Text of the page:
Tories aim to fix 'broken' immigration system
Prime Minister Stephen Harper defended a new plan Thursday that aims to overhaul Canada's refugee system in order to stop thousands of refugee claims from "safe" countries.
Speaking in Parliament, Harper said that Canada has the world's most "generous" immigration system, and that it is subject to abuse under the current guidelines.
"We continue to see thousands of people coming from safe, democratic countries making refugee claims in this country. That is not acceptable to Canadians," he said.
But the proposed legislation reverses some key concessions the Tories made with the opposition two years ago in order to pass the Balanced Refugee Reform Act through a minority Parliament.
And in the Commons Thursday, Interim NDP Leader Nicole Turmel accused the government of breaking a promise.
"Why destroy all the good, non-partisan work that was done on refugee reform?" asked Turmel.
While Harper also referenced the recent immigration changes, he said that more needs to be done to address the backlog of immigration claims.
"Some changes were made in the last Parliament that have been helpful, but are clearly not sufficient to deal with this issue," he said.
Immigration Minister Jason Kenney said that it takes about 1,000 days for the Immigration and Refugee Board to review a claim filed by someone from a democratic rights-respecting country.
That would be reduced to 45 days under the proposed changes.
"We're saying the party's over," said Kenney, who noted that current refugee claimants can access federal programs like welfare and healthcare.
Kenney estimated that the reforms would save $1.5 billion over the next five years.
"It's costing billions," he said.
Kenney added that the problem of bogus claims is so severe that on a recent flight from Prague to Toronto, there were 91 refugee claims.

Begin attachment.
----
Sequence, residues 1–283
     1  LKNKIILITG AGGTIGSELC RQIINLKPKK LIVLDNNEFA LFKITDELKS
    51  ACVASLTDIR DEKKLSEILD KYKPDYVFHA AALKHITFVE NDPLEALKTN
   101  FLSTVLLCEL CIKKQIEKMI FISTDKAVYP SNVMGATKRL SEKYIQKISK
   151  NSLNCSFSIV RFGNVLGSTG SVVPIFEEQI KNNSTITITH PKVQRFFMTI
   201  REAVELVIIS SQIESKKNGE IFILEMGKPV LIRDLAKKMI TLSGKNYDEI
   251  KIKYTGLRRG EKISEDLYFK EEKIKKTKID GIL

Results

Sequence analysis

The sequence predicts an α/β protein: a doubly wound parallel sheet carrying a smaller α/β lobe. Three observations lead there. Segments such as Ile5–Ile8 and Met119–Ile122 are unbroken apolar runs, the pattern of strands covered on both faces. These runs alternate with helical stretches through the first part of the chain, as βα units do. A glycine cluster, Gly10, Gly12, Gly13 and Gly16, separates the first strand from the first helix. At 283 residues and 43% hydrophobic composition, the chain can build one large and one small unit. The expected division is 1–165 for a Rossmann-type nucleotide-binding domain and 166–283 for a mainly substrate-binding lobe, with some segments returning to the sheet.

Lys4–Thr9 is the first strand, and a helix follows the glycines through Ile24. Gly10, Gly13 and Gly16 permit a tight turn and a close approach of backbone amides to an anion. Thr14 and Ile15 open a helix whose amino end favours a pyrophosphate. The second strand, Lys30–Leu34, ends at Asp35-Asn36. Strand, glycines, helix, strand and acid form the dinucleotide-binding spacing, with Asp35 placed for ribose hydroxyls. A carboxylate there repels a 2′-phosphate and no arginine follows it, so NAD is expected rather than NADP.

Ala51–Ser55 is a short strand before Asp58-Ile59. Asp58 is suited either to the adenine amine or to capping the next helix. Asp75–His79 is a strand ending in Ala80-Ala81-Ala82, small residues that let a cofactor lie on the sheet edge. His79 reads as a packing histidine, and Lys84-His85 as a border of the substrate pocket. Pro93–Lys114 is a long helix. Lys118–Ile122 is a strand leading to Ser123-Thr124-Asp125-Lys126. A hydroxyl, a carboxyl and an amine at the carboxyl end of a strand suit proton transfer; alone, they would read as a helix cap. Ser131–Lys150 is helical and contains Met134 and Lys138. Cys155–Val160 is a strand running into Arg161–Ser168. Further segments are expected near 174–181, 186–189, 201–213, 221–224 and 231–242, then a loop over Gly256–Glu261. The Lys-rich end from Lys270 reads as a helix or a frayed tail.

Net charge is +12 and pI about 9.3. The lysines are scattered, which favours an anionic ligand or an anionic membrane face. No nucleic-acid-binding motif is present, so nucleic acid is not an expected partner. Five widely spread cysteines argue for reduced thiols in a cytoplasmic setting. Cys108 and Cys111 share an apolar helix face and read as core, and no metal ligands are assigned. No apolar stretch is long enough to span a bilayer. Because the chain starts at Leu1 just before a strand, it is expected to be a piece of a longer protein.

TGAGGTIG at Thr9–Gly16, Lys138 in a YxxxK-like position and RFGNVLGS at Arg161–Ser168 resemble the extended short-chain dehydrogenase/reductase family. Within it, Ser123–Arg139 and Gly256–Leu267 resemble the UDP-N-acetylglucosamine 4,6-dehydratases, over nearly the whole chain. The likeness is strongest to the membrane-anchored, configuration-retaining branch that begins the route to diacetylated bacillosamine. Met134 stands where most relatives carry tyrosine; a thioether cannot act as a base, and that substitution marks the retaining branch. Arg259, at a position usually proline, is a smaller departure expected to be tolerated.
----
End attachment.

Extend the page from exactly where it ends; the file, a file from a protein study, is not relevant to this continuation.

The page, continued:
"I think it's an insult to the good name of our refugee system. We're there to protect the gay Iranians who are being persecuted, the North Korean Christians, the dissidents in totalitarian regimes, not the citizens of the EU."
But the New Democrats believe that the new policy would lead to discrimination because guidelines could be based on the "whims" of the minister.
Still, Kenney said Canada has seen a sharp increase in recent years in the number of refugee claims filed from countries within the European Union.
Those who file refugee claims from unsafe countries and legitimately require protection will have their claims heard faster, and will be granted access to an appeal system not available to those from safe countries.
In fact, 23 per cent of refugee claim submissions last year were filed from the EU -- an increase of 14 per cent over the previous year.
More refugee claims were filed from the EU in 2011 than from Africa and Asia. And virtually all of them were either rejected by the IRB, or abandoned by the claimant, Kenney said.
"Too many tax dollars are spent on people who do not need our protection. In fact about 95 per cent of all claims from the European Union have been determined by our system and mainly by the decision of those asylum claimants themselves, to be unfounded," he said.
Following are some details from the proposed measures:
Nationals from countries that normally don't produce refugees will have fewer options to delay their removal from Canada. The process can now take up to four-and-a-half years if all appeal avenues are used.
Access to taxpayer-funded social benefits and work permits will be limited for applicants from these so-called safe countries.
Work permits and benefits will only be available after 180 days, but most claimants from safe countries will not be here that long.
Kenney emphasized that the goal isn't to reduce the number of refugees coming to Canada. He said Canada welcomes more refugees per capita than any other country, but is focused on bringing in legitimate refugees who truly need Canada's help.